Cisco unveils data center blade switch
- 29 September, 2009 15:10
The Nexus 4000 is the first blade switch in the Nexus line, which also includes the Nexus 7000 core switch, the 5000 top-of-rack switch, the 2000 fabric extender and the 1000V software-based virtual switch. The 4000 is intended to fit inside a blade server system enclosure and aggregate multiple 1G server NIC connections into a 10G pipe for connection to and from the Nexus 5000 and 7000 top-of-rack and core switches.
The Nexus 4000 supports the same NX-OS converged LAN/SAN operating system as the rest of the Nexus family, and Cisco’s MDS SAN switch line. This is intended to provide consistency across the data center as well as scale, high availability, fault tolerance and uniform management, Cisco says.
The Nexus 4000 supports FibreChannel and FibreChannel over Ethernet, and IP-based iSCSI or Network Attached Storage over Ethernet Data Center Bridging specifications for converged LAN and storage access from the server. It features a specialized ASIC for low latency and lossless operation in a virtualized environment, Cisco says.
It can work in conjunction with Cisco’s Nexus 1000V virtual switch, which resides on blade servers running VMware’s ESX 4.0 virtualization software. The 1000V aggregates virtual machine images from a single server while the 4000 aggregates multiple physical blade servers, Cisco says.
The Nexus 4000 will be sold to Cisco’s OEM customers who will rebrand it and then sell it to end users. Cisco expects its existing base of Catalyst blade switch OEMs to purchase the new Nexus blade switch.
Since it is being developed for blade server vendors, Cisco says it will leave product details, availability and pricing up to those particular vendors. The new switch will compete with HP’s new 6120XG and 6120G/XG blade switches, and 6- and 10-port BNT switches from Blade Network Technologies, which are resold by IBM.
The Nexus 4000 is a small piece of a broader strategy outlined by Cisco for its data center and FCoE initiatives. As part of that strategy, Cisco is positioning its MDS FibreChannel SAN switches as evolutionary elements in the transition to unified data center switching fabrics.
In that vein, Cisco says it plans to unveil FCoE modules for both the MDS and Nexus 7000 switches; a 16Gbps FibreChannel MDS switch; and an 8Gbps FibreChannel expansion module for the Nexus 5000 FCoE switch. These will likely come in the first half of 2010, Cisco officials said.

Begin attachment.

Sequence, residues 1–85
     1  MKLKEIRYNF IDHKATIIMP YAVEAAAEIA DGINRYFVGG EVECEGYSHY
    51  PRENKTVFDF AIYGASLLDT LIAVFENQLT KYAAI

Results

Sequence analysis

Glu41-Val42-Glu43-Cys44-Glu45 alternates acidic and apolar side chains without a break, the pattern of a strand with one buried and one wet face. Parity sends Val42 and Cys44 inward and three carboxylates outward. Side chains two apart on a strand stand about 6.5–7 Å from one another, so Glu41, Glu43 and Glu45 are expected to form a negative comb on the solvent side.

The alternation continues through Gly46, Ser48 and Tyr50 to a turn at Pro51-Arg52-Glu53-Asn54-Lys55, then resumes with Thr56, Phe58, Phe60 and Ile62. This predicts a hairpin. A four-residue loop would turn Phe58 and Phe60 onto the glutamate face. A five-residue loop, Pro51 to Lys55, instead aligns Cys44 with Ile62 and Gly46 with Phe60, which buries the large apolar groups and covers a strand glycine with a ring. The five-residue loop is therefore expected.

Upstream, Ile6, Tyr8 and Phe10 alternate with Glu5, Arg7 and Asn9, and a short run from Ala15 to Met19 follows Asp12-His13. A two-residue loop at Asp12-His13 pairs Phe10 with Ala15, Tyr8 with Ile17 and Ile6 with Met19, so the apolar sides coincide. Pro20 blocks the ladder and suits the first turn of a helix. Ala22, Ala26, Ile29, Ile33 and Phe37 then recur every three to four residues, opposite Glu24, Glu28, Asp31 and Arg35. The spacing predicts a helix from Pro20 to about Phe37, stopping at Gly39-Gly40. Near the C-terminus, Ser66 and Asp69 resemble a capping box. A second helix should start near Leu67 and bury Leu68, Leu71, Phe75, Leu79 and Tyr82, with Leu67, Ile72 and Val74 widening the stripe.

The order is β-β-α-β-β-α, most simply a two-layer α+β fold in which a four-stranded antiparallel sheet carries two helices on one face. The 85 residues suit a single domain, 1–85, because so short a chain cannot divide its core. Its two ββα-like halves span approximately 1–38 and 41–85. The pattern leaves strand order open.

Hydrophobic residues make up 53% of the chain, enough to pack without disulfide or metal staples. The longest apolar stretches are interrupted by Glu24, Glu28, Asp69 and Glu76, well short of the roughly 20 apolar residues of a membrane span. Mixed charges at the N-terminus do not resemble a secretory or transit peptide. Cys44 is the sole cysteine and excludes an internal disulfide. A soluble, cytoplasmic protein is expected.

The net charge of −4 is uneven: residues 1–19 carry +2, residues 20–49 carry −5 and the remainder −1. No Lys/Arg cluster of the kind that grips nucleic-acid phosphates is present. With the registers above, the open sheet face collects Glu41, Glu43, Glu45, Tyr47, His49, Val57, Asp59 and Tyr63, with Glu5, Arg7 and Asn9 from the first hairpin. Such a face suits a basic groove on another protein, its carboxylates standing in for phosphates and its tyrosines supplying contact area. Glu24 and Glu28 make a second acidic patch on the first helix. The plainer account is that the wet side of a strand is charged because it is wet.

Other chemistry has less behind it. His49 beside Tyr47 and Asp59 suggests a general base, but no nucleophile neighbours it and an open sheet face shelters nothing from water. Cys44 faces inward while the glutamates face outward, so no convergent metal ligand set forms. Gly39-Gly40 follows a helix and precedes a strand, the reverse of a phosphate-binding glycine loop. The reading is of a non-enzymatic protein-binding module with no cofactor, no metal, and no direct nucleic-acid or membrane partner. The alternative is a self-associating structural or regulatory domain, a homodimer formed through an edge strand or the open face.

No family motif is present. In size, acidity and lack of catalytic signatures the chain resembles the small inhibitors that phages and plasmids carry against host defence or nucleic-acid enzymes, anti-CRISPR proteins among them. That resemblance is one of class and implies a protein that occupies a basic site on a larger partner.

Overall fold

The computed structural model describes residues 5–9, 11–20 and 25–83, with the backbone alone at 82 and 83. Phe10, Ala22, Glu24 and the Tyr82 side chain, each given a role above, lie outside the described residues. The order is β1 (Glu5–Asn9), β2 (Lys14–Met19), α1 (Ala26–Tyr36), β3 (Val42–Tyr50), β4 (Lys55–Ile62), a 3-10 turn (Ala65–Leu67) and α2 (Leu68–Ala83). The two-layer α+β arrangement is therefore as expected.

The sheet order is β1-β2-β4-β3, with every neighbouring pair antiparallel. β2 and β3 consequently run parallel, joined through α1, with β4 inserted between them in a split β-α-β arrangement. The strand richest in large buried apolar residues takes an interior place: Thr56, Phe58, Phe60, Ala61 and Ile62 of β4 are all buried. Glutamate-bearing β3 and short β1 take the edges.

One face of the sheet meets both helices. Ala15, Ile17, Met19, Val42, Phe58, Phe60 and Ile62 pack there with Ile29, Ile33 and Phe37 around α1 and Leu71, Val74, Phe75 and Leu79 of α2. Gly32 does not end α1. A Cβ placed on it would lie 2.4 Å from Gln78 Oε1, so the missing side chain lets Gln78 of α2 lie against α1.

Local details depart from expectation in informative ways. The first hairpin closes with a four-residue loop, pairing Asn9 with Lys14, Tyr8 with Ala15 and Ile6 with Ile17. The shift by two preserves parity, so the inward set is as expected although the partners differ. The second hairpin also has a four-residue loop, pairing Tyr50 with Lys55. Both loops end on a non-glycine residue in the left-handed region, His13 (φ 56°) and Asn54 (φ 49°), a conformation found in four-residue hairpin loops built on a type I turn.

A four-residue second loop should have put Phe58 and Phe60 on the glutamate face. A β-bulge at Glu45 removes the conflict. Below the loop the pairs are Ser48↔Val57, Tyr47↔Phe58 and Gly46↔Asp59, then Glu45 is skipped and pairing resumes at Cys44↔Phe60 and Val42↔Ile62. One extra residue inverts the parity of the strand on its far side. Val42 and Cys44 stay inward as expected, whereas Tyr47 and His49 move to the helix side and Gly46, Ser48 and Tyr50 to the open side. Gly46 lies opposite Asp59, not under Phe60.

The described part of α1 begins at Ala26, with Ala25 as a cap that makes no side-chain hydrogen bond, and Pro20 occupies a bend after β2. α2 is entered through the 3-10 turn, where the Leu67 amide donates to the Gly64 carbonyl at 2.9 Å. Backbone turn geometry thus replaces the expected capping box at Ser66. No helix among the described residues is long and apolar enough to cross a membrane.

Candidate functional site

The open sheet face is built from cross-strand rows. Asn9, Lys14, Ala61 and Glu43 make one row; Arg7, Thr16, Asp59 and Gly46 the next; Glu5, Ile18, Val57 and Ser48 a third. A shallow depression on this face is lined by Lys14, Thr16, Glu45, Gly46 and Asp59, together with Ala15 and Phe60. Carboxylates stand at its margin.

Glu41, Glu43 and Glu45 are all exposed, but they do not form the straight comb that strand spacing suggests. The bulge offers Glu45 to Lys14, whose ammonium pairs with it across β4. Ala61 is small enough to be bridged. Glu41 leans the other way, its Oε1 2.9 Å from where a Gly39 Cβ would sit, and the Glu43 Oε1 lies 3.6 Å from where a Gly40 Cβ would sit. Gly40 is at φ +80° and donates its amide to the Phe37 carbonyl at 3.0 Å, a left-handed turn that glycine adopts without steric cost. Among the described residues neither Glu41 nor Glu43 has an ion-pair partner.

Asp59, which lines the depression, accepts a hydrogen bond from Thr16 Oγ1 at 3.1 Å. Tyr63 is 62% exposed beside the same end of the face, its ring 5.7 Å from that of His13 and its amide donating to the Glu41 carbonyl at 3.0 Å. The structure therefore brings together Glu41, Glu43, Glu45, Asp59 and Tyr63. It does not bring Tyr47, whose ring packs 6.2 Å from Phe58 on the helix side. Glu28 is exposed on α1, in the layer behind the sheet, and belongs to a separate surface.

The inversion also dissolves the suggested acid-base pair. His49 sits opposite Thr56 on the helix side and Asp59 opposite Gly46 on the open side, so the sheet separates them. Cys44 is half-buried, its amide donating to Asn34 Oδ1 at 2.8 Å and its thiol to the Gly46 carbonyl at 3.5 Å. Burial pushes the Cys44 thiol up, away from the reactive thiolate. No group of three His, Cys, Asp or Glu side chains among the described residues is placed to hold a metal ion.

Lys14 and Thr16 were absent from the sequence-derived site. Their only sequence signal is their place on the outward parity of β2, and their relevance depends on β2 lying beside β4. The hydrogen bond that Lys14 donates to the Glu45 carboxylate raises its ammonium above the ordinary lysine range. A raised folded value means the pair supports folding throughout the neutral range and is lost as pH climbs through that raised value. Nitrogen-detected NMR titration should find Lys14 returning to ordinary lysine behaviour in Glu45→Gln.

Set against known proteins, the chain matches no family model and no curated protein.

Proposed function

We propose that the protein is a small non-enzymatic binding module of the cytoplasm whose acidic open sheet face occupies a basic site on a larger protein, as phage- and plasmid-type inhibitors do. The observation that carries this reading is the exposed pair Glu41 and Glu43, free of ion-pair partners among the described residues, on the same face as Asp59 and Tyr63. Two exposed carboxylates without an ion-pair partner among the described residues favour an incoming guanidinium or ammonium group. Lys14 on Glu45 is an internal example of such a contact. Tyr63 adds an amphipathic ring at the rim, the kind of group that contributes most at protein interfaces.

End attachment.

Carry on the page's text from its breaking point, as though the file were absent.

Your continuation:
These will be piece parts in Cisco’s plan to incrementally evolve data centers to FCoE by starting at the server edge/access point and deepening the immersion into the aggregation and core areas of the data center network.
The University of Arizona is embarking on the transformation right now. Eighteen months ago, the school commenced an “enterprise system replacement” project to upgrade its data center networking facilities to better support its HR, student information, financial management, grants management, business management and data warehousing applications.
The school needed an infrastructure to support 300 to 400 physical servers, several hundred virtual servers running ESX, and 300 Terabytes of storage across 13 different EMC arrays for 55,000 users, says Derek Masseth, senior director for infrastructure services at the University of Arizona.
“Our architecture was not going to meet our needs,” Masseth says, referring to the school’s current infrastructure of Cisco Catalyst 6500 switches and MDS 9500 directors in the SAN.
With that, the university installed three Nexus 7000s in the core and several Nexus 5010s at the top of server racks. The school also deployed FCoE converged network adapters on the servers with plans to employ FCoE up to the core Nexus switches, Masseth says.
University of Arizona realized a 50% reduction in capital expenditures and a 30% reduction in power consumption per port with the Nexus deployment, Masseth says. The school is not yet evaluating Cisco’s Unified Computing System to further tighten its server, storage, networking and virtualization environments but plans to give it a close look over the next year. The school is currently a Dell shop for its blade servers.
In the meantime, the school plans to decommission its Catalyst 6500 switches from the data center.
“We’d like to get to a pure Nexus data center,” Masseth says. “We have a very strong desire to be on a single platform.”